(132b) Using Microkinetic Analysis to Predict Product Selectivity during Propionic Acid Hydrodeoxygenation over Supported Pt and Ru Catalysis
Although noble metals, such as Pt and Ru, show good activity in hydrodeoxygenation, they generally also activate secondary and tertiary reaction pathways, resulting in the formation of undesired fragmentation and deep hydrogenation products. A popular method for tuning their selectivity is to pair these noble metals with oxophilic âpromoterâ metals, such as Sn. Unfortunately, our present understanding of how secondary metals impact reaction kinetics to modulate selectivity is murky, and the design of such materials remains largely alchemical. A more rational framework for material synthesis requires an elementary understanding of reaction kinetics governing both carboxylic acid HDO and its myriad competing pathways. Furthermore, we must understand how the addition of promoter metals will perturb this free energy landscape to enhance (or detract from) monometallic selectivity. The goal of the present study is to establish kinetic expectations for carboxylic acid HDO over monometallic Pt and Ru, which provides the necessary foundation for subsequent discussion of how the addition of secondary metals impacts observed selectivity.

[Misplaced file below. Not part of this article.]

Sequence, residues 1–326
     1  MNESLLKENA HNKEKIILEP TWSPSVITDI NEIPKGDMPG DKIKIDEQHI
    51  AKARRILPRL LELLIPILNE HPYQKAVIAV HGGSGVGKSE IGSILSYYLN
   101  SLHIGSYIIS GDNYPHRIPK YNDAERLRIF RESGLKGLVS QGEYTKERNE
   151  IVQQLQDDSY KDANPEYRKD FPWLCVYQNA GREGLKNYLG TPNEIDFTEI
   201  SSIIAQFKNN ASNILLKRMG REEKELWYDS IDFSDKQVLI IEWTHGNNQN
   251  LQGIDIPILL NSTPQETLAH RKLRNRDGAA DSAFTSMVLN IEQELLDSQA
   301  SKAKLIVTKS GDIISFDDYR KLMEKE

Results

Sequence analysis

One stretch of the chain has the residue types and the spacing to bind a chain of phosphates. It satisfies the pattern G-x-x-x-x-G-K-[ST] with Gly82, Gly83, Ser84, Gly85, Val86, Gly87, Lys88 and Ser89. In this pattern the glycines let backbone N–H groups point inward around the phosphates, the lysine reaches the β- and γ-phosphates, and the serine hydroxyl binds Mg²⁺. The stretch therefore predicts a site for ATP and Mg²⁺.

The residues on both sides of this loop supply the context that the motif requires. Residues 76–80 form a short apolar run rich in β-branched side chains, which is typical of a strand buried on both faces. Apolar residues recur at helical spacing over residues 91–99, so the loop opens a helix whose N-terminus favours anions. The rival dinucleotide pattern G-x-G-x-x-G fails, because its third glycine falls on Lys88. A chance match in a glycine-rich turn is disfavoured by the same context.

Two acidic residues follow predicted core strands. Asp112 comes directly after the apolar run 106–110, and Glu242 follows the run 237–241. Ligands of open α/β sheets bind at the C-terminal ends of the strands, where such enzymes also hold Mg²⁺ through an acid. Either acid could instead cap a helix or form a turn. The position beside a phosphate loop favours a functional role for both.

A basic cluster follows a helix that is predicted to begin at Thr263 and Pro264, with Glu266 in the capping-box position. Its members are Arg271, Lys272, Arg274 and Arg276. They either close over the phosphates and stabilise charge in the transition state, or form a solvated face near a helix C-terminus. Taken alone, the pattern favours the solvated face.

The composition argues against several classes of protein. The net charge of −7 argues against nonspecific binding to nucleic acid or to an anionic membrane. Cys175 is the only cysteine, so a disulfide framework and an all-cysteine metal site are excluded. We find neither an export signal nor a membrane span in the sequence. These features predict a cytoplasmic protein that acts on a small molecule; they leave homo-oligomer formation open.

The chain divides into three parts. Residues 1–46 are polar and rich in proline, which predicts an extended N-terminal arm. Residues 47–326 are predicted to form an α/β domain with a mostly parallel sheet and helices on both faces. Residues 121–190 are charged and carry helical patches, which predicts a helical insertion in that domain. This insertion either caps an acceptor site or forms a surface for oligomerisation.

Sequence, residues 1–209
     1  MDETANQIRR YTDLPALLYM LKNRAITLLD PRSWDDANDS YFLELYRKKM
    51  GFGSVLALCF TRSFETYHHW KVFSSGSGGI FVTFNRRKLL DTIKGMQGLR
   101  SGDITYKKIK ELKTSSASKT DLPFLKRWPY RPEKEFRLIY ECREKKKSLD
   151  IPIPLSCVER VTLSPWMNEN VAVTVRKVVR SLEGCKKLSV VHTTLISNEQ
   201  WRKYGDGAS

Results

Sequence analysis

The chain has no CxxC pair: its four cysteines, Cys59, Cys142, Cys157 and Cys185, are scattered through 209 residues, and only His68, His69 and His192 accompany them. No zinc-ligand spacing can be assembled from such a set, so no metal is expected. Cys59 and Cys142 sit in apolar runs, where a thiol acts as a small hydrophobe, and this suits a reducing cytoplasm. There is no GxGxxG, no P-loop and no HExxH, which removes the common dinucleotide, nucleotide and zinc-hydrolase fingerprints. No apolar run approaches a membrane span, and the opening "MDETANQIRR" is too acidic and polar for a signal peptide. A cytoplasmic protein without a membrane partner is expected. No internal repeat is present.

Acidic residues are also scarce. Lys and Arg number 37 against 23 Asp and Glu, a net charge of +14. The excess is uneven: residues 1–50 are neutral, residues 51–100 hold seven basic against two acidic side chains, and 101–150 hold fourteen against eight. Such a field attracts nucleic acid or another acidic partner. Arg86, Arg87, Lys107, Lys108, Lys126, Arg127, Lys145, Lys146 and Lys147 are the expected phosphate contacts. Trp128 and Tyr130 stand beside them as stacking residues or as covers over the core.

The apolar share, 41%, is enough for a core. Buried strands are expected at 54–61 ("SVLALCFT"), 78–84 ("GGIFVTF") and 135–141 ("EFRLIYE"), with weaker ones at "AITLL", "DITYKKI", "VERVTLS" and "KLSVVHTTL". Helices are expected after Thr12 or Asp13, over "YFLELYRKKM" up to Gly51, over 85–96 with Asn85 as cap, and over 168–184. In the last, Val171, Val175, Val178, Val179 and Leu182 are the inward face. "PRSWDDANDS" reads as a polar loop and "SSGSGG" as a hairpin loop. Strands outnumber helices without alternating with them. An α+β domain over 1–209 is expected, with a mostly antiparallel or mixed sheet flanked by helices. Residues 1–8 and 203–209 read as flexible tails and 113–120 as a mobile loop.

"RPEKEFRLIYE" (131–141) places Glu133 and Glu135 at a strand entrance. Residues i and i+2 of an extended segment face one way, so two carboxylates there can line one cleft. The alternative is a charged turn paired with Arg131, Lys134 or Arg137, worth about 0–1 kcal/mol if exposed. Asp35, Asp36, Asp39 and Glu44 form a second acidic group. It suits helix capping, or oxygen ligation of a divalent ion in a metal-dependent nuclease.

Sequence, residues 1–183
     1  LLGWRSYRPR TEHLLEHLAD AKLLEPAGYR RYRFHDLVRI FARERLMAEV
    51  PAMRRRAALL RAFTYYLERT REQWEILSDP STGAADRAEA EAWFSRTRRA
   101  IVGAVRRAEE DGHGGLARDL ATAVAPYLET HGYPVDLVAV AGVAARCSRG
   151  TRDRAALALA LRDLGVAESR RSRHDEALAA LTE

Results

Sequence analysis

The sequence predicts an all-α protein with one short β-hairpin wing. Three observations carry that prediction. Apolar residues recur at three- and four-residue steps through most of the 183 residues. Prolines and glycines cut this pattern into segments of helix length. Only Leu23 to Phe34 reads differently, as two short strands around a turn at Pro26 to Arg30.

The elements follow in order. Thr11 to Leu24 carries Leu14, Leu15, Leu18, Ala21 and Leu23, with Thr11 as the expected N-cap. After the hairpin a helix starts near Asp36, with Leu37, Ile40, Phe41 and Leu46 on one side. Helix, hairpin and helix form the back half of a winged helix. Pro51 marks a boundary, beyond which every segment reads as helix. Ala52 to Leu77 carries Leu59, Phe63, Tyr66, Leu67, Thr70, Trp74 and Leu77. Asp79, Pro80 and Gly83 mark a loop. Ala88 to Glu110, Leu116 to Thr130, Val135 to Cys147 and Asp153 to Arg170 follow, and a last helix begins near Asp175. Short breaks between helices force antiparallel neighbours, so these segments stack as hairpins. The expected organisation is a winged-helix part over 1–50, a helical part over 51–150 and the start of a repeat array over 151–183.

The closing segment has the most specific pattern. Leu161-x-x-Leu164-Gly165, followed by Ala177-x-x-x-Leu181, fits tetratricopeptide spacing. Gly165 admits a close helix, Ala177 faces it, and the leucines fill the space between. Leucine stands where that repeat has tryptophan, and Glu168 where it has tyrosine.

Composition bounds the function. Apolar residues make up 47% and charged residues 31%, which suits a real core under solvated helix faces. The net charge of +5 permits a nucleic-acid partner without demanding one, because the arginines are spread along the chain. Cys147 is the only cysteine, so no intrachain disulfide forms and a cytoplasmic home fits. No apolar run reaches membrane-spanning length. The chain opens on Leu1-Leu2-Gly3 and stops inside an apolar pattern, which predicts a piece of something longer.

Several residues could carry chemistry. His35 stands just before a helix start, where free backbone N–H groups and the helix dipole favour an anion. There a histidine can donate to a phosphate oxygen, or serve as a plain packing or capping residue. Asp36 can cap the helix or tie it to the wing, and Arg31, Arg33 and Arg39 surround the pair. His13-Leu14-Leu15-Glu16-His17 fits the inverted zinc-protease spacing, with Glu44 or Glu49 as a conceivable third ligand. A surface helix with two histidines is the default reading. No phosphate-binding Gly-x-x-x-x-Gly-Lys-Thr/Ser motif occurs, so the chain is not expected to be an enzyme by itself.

As a model system, we focus on propionic acid HDO and attempt to reconcile mechanistic descriptions of HDO chemistry with experimentally observed product formation rates through microkinetic analysis. Because the carboxylic acid HDO occurs alongside multiple side reactionsâall of which are generally expected to occur under typical reaction conditionsâit is exceedingly difficult to infer rates of primary reactions that consume carboxylic acids. In general, we are only able to directly quantify reaction rates for terminal pathwaysâsuch as methanation and alkane hydrogenolysis. Accordingly, we first consider the elementary kinetics of these terminal pathways and subsequently apply these insights as we build toward a quantitative description of carboxylic acid HDO.